Above: Bridge Prior To Rehabilitation.
The East Delhi Road Bridge has several features that are similar to the Maple Road Bridge, also known as Foster Road Bridge, which is only three miles away. The East Delhi Road bridge is an eight panel Pratt through truss. There is no v-lacing on any members. It has an intact plaque, which credits the Wrought Iron Bridge Company with building the bridge. All of these features are shared with the Maple Road Bridge. The guardrails on this bridge are either original, or a very old replacement, and appear to be identical to the Maple Road Bridge's guardrails, prior to the bridge's restoration. These similarities are due to the fact that they were built by the same company and also follow the same design plan, which would have been the property of the Wrought Iron Bridge Company, and thus unique to that company, since these bridges were built prior the era we live in today where government agencies design the standard designs for bridge construction. Despite these similarities, the East Delhi Road Bridge is still delightfully different. A different plaque and portal bracing give this bridge a completely different feel.
This is a group of concerned citizens in the area who formed and worked to successfully save this bridge and see it rehabilitated for a number of different reasons. They understood all of the benefits a beautiful and historic truss bridge has to offer a community. Thanks to their efforts, this bridge will has undergone a rehabilitation and upon completion, the bridge will be ready to serve light vehicular traffic for generations to come. The efforts and ideas that this bridge conservancy held were good, valid ideas and although the bridge is saved today, their mission statement and concerns that resulted in the preservation of the bridge hold true today as reasons why this bridge and others like it are preserved. Here is their mission statement.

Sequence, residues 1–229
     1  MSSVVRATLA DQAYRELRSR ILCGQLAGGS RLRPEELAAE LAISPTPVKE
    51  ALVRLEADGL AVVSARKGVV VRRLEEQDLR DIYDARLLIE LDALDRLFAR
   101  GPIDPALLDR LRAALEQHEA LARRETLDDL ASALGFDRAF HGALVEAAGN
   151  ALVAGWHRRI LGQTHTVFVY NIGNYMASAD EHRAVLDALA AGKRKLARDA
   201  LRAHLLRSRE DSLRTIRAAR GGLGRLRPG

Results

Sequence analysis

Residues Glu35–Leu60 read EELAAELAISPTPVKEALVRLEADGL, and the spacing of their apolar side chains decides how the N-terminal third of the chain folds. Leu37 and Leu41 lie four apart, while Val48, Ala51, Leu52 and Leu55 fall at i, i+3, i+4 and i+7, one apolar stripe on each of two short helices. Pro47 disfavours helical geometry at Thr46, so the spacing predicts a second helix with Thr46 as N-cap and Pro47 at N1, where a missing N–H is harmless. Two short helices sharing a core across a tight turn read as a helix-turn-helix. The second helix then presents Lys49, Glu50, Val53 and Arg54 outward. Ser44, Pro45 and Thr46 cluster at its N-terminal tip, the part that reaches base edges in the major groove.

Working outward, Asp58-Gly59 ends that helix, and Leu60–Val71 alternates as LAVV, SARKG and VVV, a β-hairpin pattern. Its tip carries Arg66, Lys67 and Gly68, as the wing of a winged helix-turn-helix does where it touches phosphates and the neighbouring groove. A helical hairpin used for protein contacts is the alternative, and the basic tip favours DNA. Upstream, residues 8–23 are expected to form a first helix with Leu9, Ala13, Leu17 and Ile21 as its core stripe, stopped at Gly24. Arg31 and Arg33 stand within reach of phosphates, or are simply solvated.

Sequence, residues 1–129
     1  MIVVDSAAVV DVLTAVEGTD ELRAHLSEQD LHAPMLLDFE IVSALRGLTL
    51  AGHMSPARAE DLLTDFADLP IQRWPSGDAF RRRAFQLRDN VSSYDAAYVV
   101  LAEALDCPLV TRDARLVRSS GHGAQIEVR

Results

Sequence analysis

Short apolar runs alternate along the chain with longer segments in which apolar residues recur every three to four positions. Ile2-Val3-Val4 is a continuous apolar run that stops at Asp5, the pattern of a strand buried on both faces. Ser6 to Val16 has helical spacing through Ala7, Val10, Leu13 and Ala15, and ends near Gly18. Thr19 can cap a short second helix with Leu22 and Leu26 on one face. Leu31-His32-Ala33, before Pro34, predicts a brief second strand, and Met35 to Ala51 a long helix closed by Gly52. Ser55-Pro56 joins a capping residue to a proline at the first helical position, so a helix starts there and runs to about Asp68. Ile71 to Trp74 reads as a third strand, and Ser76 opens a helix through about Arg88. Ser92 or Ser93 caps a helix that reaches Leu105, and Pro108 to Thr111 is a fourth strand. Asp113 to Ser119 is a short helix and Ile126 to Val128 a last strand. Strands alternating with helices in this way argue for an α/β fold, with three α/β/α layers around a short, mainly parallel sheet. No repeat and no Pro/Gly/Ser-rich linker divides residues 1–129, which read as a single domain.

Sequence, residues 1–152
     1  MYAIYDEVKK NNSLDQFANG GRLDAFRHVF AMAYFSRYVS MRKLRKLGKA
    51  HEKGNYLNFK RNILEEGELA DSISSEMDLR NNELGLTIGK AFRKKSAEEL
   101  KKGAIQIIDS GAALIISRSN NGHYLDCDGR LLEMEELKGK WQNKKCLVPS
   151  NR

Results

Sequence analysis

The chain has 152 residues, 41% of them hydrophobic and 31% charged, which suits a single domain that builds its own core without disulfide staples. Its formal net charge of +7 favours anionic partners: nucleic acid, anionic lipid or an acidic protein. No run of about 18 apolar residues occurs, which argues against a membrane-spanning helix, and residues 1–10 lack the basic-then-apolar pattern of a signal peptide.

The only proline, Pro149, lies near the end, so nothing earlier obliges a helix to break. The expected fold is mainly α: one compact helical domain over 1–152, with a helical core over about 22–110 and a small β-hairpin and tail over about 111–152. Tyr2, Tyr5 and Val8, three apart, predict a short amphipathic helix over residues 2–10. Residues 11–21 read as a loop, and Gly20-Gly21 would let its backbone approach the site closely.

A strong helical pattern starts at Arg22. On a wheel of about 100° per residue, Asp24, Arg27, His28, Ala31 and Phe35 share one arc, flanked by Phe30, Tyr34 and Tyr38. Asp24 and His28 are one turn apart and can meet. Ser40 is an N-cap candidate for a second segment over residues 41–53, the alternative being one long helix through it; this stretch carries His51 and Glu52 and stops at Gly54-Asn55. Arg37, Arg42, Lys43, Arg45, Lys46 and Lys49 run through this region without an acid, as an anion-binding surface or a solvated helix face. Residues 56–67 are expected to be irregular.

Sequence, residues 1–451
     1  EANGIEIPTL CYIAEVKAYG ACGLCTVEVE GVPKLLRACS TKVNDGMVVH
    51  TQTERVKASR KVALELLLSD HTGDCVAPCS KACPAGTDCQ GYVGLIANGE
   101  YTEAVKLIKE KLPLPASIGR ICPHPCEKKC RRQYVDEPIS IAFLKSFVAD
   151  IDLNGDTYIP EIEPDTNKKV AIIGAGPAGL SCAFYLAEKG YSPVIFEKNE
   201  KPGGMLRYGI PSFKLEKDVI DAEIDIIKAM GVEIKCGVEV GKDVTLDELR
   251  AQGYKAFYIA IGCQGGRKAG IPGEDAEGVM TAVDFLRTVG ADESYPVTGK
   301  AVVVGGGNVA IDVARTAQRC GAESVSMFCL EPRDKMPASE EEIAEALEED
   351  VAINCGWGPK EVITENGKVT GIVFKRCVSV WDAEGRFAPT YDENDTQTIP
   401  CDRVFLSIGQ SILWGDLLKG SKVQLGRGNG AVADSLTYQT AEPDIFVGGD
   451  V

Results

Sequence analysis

We, the Citizens for the East Delhi Bridge Conservancy, resolve to:
Concerns That Prompted Action
The destruction of a beloved landmark.
The loss of a unique focal point for artists, writers,
hikers, and park visitors.
The possible destruction of remnants of the 19th century
millworks of Delhi Mills Village.
Changes to the ecology of the river and its banks.
The impact on kayakers, canoeists, and bicyclists.
The loss of a safe and scenic bike route.
The impact on a favorite fishing spot.
Increase in traffic and development in one of the most pristinely beautiful areas remaining in the county.
This bridge is tagged with the following special condition(s): Unorganized Photos